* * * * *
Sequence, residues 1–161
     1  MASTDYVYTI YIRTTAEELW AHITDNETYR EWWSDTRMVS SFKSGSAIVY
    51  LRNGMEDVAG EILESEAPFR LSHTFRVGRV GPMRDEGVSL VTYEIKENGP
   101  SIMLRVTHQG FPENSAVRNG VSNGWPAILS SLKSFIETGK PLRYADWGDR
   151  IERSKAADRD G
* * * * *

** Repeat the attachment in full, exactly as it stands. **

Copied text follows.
Sequence, residues 1–161
     1  MASTDYVYTI YIRTTAEELW AHITDNETYR EWWSDTRMVS SFKSGSAIVY
    51  LRNGMEDVAG EILESEAPFR LSHTFRVGRV GPMRDEGVSL VTYEIKENGP
   101  SIMLRVTHQG FPENSAVRNG VSNGWPAILS SLKSFIETGK PLRYADWGDR
   151  IERSKAADRD G